Some people claim exports aren’t vital to the U.S. beef industry. What nonsense.
The past 18 months have emphatically proved how valuable they are. Just as reduced export tonnage and revenues in 2009 depressed wholesale beef and live-cattle prices, significantly larger exports this year are doing the opposite. In fact, exports of both cuts and variety meats have been a key market driver for several months and will be the rest of the year.
That’s extremely important to cattle prices because domestic demand remains weak in the face of continued high unemployment and a sluggish economy. Domestic demand was down 1.7% in the second quarter vs. the same quarter last year, says analyst Andrew Gottschalk, HedgersEdge.com. But beef exports were up 21.7% in the quarter vs. last year. So overall demand in the quarter was up 8.3%, he says.
Export data the first seven months of the year is much improved over 2009. Total volume at 588,000 metric tons was up 15% and total value was up 25% at more than $2.9 billion. That’s where the big demand improvement shows up, more tonnage and even more sales dollars.
In addition, exports represented nearly 9% of total weekly beef sales during the first seven months. That’s well above the five-year average of 5% and even higher than 2003 pre-BSE levels.
It’s safe to assume that 2010 total exports could maintain that 9%. In early September, USDA forecast 2010 exports to be up 17% on 2009. But analysts regard this as too low. Exports seasonally tend to increase through year-end and a similar pattern is expected this year, Gottschalk says.
Exports to Asia are likely to continue to increase, according to exporters. Exports to Japan are up 25% in volume and value. South Korea is buying a lot more U.S. beef and is close behind Japan, our third-biggest export market after Mexico and Canada. Korea in the first seven months of 2010 took 63,189 metric tons of U.S. beef, worth $291 million, and up 122% and 162%, respectively, on 2009.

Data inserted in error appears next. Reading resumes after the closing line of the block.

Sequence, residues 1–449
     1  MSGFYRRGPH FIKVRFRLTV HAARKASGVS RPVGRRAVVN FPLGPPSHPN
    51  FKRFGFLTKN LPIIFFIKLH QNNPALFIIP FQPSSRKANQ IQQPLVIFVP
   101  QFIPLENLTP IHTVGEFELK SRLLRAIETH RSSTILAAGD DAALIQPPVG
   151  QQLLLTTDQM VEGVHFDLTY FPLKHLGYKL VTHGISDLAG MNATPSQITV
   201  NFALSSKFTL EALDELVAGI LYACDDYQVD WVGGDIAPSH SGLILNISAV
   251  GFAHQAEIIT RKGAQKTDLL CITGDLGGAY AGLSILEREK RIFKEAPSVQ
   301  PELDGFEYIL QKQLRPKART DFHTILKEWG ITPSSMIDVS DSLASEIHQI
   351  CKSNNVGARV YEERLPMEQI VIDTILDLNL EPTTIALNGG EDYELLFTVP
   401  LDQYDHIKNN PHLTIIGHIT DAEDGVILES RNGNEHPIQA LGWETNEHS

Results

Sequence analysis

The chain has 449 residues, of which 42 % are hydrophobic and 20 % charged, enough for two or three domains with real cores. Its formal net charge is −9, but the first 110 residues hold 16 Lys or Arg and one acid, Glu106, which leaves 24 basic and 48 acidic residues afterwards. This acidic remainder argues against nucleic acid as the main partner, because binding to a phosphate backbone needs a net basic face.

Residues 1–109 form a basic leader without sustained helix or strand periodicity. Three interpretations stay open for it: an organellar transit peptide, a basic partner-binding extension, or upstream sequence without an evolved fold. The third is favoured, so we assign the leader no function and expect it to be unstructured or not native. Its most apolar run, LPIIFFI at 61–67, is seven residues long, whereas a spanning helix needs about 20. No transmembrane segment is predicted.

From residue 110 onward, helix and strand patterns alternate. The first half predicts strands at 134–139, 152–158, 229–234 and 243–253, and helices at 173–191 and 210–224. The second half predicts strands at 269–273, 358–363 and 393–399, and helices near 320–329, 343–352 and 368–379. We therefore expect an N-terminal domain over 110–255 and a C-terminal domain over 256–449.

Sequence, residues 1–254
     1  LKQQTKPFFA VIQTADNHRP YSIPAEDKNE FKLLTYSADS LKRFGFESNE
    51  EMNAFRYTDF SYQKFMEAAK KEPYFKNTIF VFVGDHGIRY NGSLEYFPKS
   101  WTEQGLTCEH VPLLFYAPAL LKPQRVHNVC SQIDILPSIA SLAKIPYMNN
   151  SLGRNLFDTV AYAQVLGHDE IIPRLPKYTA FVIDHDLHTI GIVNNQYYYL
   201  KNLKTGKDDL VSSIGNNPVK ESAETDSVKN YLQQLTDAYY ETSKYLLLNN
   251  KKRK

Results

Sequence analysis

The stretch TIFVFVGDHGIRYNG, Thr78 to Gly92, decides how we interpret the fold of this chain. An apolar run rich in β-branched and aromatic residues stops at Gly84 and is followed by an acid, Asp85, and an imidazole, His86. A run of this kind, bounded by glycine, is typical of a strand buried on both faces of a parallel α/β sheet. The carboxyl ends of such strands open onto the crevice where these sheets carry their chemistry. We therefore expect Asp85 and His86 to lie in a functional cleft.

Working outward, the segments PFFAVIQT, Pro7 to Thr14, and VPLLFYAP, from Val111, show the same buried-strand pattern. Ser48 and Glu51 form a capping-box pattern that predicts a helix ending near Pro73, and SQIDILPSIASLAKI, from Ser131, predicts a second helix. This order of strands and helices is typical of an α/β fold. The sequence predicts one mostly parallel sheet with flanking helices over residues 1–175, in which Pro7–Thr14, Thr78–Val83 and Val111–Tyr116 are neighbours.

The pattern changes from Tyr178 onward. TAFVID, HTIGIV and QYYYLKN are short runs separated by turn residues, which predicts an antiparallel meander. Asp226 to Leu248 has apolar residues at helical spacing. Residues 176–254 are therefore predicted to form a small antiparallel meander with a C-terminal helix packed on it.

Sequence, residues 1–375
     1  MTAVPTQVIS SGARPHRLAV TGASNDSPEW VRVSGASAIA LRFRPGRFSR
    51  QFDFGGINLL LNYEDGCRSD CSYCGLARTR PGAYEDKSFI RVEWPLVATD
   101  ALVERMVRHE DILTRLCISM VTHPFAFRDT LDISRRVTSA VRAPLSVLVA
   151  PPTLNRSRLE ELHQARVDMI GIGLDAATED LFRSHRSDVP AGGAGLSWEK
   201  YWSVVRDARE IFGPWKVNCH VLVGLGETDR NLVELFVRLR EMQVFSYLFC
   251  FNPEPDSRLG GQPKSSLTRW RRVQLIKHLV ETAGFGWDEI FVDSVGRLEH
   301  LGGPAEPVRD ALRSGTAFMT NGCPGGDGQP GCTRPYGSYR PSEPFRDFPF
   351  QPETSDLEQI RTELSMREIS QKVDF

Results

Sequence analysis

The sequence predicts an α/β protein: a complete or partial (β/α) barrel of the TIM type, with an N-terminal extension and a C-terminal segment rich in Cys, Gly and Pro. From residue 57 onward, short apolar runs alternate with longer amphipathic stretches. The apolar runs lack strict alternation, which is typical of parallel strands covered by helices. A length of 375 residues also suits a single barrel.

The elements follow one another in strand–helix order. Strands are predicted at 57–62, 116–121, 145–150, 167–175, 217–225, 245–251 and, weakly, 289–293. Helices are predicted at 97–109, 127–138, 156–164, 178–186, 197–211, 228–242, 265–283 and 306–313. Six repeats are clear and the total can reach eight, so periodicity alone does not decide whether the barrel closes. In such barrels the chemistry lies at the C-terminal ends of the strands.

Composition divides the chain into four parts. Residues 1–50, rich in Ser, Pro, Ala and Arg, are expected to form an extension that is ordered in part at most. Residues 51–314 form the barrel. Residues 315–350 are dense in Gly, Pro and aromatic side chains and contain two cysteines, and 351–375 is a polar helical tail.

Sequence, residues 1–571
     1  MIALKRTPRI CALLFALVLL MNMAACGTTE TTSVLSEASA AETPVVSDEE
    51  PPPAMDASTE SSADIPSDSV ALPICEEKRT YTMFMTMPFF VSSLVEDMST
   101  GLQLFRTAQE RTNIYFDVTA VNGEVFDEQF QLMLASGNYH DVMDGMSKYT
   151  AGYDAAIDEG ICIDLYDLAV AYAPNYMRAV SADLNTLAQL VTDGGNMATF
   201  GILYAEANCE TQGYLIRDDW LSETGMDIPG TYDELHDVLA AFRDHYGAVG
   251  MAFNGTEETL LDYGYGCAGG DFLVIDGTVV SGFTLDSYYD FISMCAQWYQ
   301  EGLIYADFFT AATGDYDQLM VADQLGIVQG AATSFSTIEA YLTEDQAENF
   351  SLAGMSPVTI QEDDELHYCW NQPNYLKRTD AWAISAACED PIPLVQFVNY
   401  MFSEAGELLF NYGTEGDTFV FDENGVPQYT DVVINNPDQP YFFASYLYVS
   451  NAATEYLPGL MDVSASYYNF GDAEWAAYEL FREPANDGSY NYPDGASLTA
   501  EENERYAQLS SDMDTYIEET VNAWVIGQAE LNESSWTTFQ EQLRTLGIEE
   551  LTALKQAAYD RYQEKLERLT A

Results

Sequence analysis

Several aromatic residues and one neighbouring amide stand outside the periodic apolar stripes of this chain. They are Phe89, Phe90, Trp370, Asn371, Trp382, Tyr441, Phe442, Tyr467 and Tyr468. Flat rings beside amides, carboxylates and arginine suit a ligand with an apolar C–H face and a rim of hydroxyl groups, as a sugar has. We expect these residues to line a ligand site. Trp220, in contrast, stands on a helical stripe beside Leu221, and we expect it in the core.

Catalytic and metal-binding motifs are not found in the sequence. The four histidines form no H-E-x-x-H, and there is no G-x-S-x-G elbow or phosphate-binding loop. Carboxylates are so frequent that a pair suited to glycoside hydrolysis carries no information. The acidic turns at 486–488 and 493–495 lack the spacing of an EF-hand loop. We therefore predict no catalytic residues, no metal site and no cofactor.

Remember when some Koreans protested violently in the streets of Seoul and disparaged the safety of U.S. beef? Well, exporters and the U.S. Meat Export Federation did a fantastic job in response and in repositioning U.S. beef initially at the foodservice level (hence all those short ribs going to restaurant chains). Another factor is that Koreans love beef, and their economy is the strongest in Asia. No wonder Koreans are buying more and more U.S. beef.
Conversely, beef imports are well down on last year (12% in the first seven months). That’s because Australian imports are down sharply, thanks largely to the strength of Australia’s dollar against the U.S. greenback. Australia’s imports from July 2009 to June 2010 fell 25% to 210,514 metric tons from the year before, the lowest to the U.S. since 1996-97.
From January to June 2010, Aussie shipments were down 40%. They picked up in July but are declining again on a year-on-year basis. Aussie imports for calendar 2010 are expected to be in the low 200,000 metric tons and might be eclipsed by imports from New Zealand.
All this has a big impact on total available beef supplies in the U.S. Beef production year to date is down 0.5%. With exports up and imports down, total supplies are tighter than expected. Second-quarter supplies were down 3.8% from the previous year; and perhaps even more in the third and fourth quarters.
USDA forecasts disappearance to be 59 lbs./person this year, vs. 61.1 in 2009, and 57.8 in 2011. This decline means wholesale beef prices will trend higher, raising cattle prices higher, as well. Who knows how high prices might go if export demand gets even stronger.
Steve Kay is editor and publisher of Cattle Buyers Weekly (www.cattle
buyersweekly.com). Catch his weekly market roundup at beefmagazine.com every Friday afternoon.